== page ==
Dec 11, 2006

Abkhazia: Russian Duma Calls for Recognition

The State Duma unanimously passed a statement, on appeal from the Assembly of the Republic of Abkhazia to the Russian President, to establish associated relations, a move thought to prepare the ground for recognition.

Below is an article published by The Messenger:

A "big mistake" that will bring Russia "disastrous results", designed purposefully to "provoke Georgia"-this is how Georgian officials reacted to the Russian State Duma's recent call to have the Kremlin grant recognition to Georgia's breakaway republics of Abkhazia and South Ossetia.

With 423 votes to zero for Abkhazia and 418 to zero for South Ossetia the State Duma, the lower house of the Russian parliament, passed two statements on 6 December regarding the two breakaway regions "on the appeal of the People's Assembly of the Republic of Abkhazia to the Russian President and Federal Assembly on the recognition of the Republic of Abkhazia to establish associated relations between Abkhazia and Russia" and "on the results of the referendum in South Ossetia on the issue of granting it independence and the results of the election of president of South Ossetia on November 12, 2006."

Georgian authorities point out that the Duma's statements are not legally binding for the Russian authorities, but the unanimity in the Duma over these issues clearly demonstrates the stance of the Russian political establishment regarding Abkhazia and South Ossetia.

"It is obvious that the Duma's decision was sponsored and instructed by the Kremlin and the Russian government is preparing the ground for the recognition of Abkhazia and South Ossetia," chair of parliamentary Defence and Security Committee, MP Givi Targamadze said, adding "I can say directly that the recognition of these regions by the Russian executive authorities will be equal to a declaration of war against Georgia," which would bring Russia "disastrous results".

Prior to the discussion at the State Duma, speaker of the Georgian parliament Nino Burjanadze called on Duma members' to refrain from endorsing such an "uncivilized and undemocratic" decision, that would inevitably put executive government in an uneasy situation and compel it to make explanations for an international community.

Russian news agency Itar-tass writes that Russian MPs believe that "our country should make its policy while taking into account the free expression of will of the people of South Ossetia, expressed in the recent referendum in accordance with international legal norms and precedents in Russian legislation."

"The referendum on independence in South Ossetia, its unequivocal results are also a direct consequence of the policy by Georgian authorities," head of the Duma Committee on CIS Affairs and Russian Diaspora Relations, Andrei Kokoshin stated Itar-tass reports.

The statement on Abkhazia accuses the Georgian authorities of purposefully stirring tensions and says that Tbilisi's aggressive policy towards Abkhazia threatens the "lives of many thousands of citizens of the Russian Federation living on the territory of Abkhazia."

Responding to the Duma's actions, a group of Georgian lawmakers passed a statement calling on the international community to express its concern regarding the Russian Duma's decision and stand by Georgia in its struggle for common democratic and fair values.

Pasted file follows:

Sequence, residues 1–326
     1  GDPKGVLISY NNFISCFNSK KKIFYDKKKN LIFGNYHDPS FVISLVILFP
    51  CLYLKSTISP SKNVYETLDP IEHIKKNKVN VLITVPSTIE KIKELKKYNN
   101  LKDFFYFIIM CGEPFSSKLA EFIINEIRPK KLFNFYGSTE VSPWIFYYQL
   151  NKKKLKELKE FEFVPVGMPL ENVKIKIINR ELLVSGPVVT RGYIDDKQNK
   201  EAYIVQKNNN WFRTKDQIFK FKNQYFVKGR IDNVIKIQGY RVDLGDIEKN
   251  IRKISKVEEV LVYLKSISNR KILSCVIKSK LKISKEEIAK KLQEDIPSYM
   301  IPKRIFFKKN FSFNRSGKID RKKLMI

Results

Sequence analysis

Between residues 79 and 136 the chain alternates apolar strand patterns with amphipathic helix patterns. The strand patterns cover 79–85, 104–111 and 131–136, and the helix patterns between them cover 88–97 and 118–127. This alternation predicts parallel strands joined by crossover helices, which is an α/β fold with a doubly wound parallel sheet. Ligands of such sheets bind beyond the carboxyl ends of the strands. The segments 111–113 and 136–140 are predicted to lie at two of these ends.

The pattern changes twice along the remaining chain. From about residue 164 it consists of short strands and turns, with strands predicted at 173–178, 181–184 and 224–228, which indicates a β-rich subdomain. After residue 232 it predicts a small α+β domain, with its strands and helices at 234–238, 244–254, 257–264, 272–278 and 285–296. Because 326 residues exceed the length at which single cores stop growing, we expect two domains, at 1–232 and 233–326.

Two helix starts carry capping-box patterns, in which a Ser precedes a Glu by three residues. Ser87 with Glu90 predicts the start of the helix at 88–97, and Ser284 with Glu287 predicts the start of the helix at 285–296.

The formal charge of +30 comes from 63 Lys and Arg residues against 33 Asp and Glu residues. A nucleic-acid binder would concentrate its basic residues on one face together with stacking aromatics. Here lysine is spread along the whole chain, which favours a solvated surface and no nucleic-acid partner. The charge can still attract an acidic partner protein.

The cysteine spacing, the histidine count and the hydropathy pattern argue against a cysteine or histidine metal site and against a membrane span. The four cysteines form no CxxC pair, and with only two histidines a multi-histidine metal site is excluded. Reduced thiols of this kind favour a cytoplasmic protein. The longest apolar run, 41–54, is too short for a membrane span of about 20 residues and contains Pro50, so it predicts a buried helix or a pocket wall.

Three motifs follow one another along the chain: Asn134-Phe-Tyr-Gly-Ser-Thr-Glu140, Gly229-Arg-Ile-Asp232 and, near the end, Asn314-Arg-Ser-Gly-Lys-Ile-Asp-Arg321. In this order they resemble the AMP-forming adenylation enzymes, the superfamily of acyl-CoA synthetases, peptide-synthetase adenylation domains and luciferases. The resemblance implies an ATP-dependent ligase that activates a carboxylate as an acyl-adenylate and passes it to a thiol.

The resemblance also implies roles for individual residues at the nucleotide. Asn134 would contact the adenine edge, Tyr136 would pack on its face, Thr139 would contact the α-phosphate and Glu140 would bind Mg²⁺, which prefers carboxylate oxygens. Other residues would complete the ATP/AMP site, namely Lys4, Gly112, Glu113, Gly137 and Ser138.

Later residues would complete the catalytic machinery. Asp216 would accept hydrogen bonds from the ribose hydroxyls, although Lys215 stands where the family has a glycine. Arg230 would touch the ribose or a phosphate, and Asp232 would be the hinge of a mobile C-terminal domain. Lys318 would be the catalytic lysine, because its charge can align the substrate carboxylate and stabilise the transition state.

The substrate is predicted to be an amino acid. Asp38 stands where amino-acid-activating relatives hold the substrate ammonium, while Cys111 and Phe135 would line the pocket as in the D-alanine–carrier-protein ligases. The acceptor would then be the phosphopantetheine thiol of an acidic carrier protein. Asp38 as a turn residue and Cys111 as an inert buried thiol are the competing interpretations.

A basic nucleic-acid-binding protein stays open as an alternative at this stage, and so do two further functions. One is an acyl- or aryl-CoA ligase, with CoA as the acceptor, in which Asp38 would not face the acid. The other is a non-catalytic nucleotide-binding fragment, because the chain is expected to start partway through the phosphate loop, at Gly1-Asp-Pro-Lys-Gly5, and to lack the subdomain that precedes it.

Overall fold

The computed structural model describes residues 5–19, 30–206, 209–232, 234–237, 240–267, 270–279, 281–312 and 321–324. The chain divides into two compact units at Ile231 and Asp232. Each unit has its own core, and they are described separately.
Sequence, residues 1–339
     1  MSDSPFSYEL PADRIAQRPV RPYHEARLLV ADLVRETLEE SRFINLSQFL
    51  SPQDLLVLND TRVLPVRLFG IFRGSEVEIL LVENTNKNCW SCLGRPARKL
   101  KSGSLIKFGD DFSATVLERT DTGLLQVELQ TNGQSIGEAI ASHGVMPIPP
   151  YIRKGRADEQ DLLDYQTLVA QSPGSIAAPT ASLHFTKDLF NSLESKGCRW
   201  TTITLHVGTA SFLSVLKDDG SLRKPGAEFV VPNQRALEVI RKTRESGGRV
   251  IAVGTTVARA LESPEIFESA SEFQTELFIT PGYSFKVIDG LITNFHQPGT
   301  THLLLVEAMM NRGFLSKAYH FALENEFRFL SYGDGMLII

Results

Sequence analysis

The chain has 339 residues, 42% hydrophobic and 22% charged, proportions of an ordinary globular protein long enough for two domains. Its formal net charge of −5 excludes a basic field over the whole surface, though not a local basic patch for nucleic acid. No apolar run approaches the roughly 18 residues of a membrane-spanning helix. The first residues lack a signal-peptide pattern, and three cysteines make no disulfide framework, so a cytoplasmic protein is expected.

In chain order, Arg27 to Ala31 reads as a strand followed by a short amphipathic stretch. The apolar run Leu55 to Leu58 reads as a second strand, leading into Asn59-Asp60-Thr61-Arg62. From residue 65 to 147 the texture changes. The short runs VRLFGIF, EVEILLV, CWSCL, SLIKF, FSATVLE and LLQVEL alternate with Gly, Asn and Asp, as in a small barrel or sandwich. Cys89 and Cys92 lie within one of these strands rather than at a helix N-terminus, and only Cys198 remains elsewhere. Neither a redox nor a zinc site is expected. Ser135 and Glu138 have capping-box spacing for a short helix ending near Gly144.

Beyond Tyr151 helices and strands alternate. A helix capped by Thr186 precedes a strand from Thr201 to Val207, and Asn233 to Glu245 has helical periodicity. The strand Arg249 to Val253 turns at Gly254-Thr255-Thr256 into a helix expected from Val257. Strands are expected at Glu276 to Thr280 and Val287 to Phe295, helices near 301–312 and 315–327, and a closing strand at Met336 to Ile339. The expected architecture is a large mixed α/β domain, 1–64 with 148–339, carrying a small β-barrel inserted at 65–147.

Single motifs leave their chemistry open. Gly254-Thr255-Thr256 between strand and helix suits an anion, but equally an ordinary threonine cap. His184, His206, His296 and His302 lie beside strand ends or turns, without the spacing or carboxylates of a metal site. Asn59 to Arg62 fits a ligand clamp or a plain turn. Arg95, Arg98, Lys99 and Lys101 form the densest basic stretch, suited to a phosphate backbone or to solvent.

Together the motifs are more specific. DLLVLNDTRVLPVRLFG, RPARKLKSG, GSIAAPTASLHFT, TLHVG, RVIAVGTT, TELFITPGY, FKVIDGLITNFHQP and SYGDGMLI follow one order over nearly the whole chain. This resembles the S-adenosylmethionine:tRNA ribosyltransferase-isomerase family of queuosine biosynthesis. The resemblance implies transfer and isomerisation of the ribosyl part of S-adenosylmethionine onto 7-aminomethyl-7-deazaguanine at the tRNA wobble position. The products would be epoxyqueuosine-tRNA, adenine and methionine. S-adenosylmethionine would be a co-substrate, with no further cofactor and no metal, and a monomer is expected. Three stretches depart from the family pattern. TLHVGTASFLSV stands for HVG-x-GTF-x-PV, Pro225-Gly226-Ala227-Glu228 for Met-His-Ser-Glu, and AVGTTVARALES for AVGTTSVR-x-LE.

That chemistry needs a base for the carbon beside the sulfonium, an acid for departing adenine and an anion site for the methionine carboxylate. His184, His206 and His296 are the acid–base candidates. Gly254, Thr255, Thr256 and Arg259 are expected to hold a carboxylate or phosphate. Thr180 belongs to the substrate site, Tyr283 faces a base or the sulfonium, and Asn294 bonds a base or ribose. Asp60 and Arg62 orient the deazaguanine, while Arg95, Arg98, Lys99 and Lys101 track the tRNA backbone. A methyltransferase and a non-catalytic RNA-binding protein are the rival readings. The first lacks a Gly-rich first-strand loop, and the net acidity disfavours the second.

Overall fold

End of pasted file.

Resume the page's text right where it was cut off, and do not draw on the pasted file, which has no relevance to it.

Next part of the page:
"The Russian Duma's statements could not be assessed in a way other than the extremely unfriendly political gesture towards Georgia, that indents to provoke Georgian side, escalate the tensions and hamper the conflict resolution process with joint efforts of Georgian side and the international community," the Georgian parliament's appeal to the international community reads.

Abkhaz rally for independence

Parallel to the discussions at the State Duma on December 6 up to 40 000 people rallied in Freedom Square in Abkhazia's capital Sokhumi for what was called 'a national gathering' to show the Abkhaz society's unity in its aspirations for independence.

"We are stating an objective reality: Abkhazia and Georgia cannot exist within the borders of a single country," de facto Abkhaz president Sergei Bagapsh declared at the meeting, RIA. Novosti reported.

Bagapsh expressed his concerns over Georgia's recent "intense militarization" saying that "some countries" which try to act as mediators in the conflict resolution aid to this militarization process.

"We cannot count on a fair and objective resolution of the conflict under such conditions," he said, noting "It is quite obvious that such military support for Georgia directly contributes to its aggressive plans."

"Our people know from bitter experience that Georgia is a country that poses a threat to Abkhazia and its sovereignty," Bagapsh said.

Bagapsh also praised assistance in resolving the conflict provided by Russia, whose peacekeepers patrol the ceasefire line, Tbilisi says the peacekeepers prop up the secessionist authorities.

People at the 'national gathering' adopted a statement, in which they appealed for international recognition of Abkhazia's independence.

"We call on Russia, the UN and the international community as a whole with an appeal to recognize the sovereignty of our country," the statement said. "This gathering of Abkhaz people supports the rightful demands of the people of Transnistria [a self-proclaimed republic in Moldova] and South Ossetia on the recognition of their sovereignty."